Christians are, in many respects, both-and people. We live much of life in this age in a God-designed tension. We must learn how to both encourage one another (1 Thessalonians 5:11) and rebuke one another (Titus 1:13). We must both rejoice and weep with one another — sometimes within minutes (Romans 12:15). We must live simultaneously as both sorrowful and rejoicing (2 Corinthians 6:10). We must live contentedly in both abundance and need (Philippians 4:12).
And we must learn how to be both peaceable (Romans 12:18) and contentious (Jude 3).
Whoa, contentious? Isn’t that bad? Well, at certain times and in certain ways, yes, contentiousness is very bad. But at certain times and in certain ways, it is very good. It depends on what kind of contentiousness we’re talking about. And the Bible speaks to the good and the bad.
Paul addresses one kind of contentiousness when he says, “If anyone is inclined to be contentious, we have no such practice, nor do the churches of God” (1 Corinthians 11:16). The Greek word he uses here is philoneikos, and it means what most of us associate with a contentious person: a carnal disposition to be quarrelsome or argumentative.
An Old Testament example of a similar kind is seen here: “It is better to live in a corner of the roof than in a house shared with a contentious woman” (Proverbs 25:24, NASB). The Hebrew word is mādônîm, and it means quarrelsome, nagging, or dissentious. It can even have violent connotations, which is why the King James translators called her a “brawling woman.”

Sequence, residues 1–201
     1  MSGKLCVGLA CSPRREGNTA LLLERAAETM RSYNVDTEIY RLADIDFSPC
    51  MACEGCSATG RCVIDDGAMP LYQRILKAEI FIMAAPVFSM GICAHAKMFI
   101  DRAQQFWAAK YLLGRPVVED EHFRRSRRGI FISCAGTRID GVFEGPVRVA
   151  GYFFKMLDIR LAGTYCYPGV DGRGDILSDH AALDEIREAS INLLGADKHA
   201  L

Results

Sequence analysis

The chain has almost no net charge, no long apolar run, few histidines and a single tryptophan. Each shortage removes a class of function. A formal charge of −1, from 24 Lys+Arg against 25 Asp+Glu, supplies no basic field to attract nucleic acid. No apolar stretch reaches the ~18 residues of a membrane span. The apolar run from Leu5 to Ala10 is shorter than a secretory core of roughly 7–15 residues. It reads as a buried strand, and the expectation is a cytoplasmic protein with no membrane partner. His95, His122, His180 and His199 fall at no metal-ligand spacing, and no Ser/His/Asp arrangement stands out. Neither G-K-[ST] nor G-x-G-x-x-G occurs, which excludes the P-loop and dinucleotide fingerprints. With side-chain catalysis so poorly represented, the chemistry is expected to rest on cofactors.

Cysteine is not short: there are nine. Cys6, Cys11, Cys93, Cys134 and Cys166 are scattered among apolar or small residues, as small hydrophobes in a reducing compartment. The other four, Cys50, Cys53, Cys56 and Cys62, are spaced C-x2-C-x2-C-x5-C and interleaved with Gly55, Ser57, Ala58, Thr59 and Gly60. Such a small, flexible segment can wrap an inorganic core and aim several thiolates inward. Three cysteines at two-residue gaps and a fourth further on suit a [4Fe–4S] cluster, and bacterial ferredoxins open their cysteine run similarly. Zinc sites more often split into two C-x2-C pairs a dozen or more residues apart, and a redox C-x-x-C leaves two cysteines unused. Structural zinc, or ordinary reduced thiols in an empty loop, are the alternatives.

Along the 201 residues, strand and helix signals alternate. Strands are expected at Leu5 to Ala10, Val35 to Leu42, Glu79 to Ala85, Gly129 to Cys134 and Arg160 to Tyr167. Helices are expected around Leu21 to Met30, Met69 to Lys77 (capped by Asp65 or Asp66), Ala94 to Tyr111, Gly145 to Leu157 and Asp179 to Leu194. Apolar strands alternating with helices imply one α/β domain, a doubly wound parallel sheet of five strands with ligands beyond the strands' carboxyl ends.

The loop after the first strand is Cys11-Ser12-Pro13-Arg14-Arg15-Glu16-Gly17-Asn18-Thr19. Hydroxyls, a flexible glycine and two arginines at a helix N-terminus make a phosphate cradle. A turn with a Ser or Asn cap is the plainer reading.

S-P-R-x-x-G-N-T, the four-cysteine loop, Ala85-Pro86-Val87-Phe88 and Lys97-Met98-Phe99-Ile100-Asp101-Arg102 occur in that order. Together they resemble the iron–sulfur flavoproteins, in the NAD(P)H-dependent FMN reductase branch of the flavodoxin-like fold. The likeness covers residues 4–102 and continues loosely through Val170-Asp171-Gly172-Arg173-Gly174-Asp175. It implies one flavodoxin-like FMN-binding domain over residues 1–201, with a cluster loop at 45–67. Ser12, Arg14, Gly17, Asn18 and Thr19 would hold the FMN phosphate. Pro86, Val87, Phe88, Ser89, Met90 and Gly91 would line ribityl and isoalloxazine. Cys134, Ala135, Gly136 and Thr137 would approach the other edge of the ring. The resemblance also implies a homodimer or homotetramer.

These are bad ways to be contentious. They are not to characterize a Christian, because “the Lord’s servant must not be quarrelsome (machesthai, another Greek word in this vein) but kind to everyone” (2 Timothy 2:24).
So, what is kind and commendable Christian contention? We find it in Jude’s epistle:
Beloved, although I was very eager to write to you about our common salvation, I found it necessary to write appealing to you to contend for the faith that was once for all delivered to the saints. (Jude 3)